Antenna switch with PIN diodes

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A PIN diode is a diode with a wide, undoped intrinsic semiconductor region between a p-type semiconductor and an n-type semiconductor region. At high frequencies, the diode behaves as a resistor. The high-frequency resistance is inversely proportional to the DC bias current through the diode. Therefore, if suitably biased, the PIN diode acts as a variable resistor. This kind of diode has low reverse capacitance, that will attenuate RF signal, unless the diode is forward biased. These properties make it suitable for RF switches.

The device presented here can be used to switch two antennas. It can prove useful in a number of situations. You can have a VHF and a UHF antenna, or you can have two similar antennas that are pointed in different directions for different signals. This switch does not require an extra cable and does not cause significant signal losses. A low DC voltage is sent over the coaxial cable to forward bias one diode. If the polarity of this voltage is reversed, then the other diode will be biased.

Lightweight ACARS decoders for RTL-SDR

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ACARS is a digital data link system for the transmission of messages between aircraft and ground stations. The transmissions usually take place in VHF band, between 130 and 137 MHz. The wide availability of cheap software defined radios makes it easy for anyone to receive and decode ACARS transmissions. Since RTL2832U based USB sticks are the cheapest SDR hardware this is what I will use for reception. There are many tutorials on this subject and most of them involve piping an audio stream from a SDR application to an ACARS decoder application. This is not reliable and takes a lot of resources. More than that, by selecting one frequency, demodulating it and sending the audio stream to ACARS decoder software you are limited to that single frequency.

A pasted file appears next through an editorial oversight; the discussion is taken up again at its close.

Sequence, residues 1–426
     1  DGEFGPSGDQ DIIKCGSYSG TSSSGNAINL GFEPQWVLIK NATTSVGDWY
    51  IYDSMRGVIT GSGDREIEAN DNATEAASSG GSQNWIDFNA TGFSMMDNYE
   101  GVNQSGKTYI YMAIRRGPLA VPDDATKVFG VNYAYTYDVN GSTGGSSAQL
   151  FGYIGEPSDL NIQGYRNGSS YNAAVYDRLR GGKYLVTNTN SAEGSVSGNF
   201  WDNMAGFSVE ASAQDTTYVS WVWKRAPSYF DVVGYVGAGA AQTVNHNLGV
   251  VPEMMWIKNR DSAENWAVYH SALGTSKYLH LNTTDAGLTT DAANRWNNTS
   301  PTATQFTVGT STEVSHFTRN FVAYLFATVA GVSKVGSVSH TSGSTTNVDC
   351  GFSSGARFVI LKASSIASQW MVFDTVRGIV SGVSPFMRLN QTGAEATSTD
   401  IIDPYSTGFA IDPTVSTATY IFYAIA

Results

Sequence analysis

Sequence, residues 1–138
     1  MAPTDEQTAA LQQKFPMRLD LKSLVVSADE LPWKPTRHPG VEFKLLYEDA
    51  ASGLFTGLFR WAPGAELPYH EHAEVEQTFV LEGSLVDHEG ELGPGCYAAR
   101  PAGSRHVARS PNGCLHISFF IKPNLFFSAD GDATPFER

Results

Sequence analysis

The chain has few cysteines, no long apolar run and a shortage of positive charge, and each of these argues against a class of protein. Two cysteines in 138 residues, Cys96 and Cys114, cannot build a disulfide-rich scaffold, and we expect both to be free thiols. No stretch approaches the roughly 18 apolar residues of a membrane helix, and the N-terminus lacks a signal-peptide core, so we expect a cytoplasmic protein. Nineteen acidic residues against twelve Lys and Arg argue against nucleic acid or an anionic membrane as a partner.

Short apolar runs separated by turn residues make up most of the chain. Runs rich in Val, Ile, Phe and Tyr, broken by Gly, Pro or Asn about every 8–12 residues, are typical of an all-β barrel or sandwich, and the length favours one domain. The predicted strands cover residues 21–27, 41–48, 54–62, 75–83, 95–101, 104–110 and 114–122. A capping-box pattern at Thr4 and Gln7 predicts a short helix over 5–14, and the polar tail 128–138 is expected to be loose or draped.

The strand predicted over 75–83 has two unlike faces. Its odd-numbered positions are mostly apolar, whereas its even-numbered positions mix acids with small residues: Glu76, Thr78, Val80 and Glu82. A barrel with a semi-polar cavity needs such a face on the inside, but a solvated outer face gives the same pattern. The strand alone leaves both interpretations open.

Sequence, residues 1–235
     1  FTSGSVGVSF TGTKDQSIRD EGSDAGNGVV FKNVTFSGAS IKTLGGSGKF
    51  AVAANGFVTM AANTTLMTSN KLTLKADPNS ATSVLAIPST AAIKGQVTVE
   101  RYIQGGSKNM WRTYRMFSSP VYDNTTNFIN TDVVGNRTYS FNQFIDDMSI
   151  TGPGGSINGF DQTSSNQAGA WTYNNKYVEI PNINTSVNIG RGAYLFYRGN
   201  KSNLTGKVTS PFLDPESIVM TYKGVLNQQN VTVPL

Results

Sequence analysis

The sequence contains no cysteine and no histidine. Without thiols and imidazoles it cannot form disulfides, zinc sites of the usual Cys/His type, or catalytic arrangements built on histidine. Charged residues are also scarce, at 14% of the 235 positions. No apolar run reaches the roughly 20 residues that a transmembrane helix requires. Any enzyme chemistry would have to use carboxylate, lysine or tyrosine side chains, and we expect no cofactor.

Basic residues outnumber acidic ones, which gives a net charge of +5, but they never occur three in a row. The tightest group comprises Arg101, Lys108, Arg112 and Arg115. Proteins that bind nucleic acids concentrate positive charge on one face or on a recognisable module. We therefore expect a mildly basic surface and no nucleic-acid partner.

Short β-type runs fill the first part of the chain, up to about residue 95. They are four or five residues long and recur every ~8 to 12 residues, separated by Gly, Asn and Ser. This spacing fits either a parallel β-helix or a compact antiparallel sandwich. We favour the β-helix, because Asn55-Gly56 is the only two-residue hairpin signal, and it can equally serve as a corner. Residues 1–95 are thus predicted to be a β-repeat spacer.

But there are a few tools that work directly with RTL-SDR hardware, are free, cross-platform and perform ACARS demodulation. More important than that, the software tools you will see here can listen to multiple frequencies at once. The only requirement is that those frequencies should fit in the bandwidth of RTL-SDR (about 2.4 MHz).

Lightweight ACARS decoders for RTL-SDR

Transmission line baluns for VHF and UHF

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A balun is a device that converts a balanced signal to an unbalanced signal. Depending on construction, a balun may transform impedance too and may be used for connecting signal lines of different impedances. In radio applications, baluns are used most of the time for adapting a transmission line to the antenna. This post will show you some easy to build baluns, designed for receiving antennas working in VHF and UHF radio and television bands. However, these baluns can be also used for transmitting antennas. They are easy to build because you only use cables similar to the antenna feeder cable.

Most used antenna class for all radio communications is the dipole. Since it's called a dipole, it has two connection points. Therefore it is suited for balanced signals. The antenna can be connected to a receiver using a twin lead cable. But in this case the receiver must have balanced input and similar impedance with the antenna. But the most used type of cable is the coaxial type, which is unbalanced and has a different impedance too. Let's see what are the basic types of connections between the antenna and the feeder cable.

Transmission line baluns for VHF and UHF

Simple Text Menu for ST7920 Graphic LCD